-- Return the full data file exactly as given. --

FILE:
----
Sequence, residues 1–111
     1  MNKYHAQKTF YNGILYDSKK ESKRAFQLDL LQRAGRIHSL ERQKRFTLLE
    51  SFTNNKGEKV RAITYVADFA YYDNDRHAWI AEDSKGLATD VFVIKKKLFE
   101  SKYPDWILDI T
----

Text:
Sequence, residues 1–111
     1  MNKYHAQKTF YNGILYDSKK ESKRAFQLDL LQRAGRIHSL ERQKRFTLLE
    51  SFTNNKGEKV RAITYVADFA YYDNDRHAWI AEDSKGLATD VFVIKKKLFE
   101  SKYPDWILDI T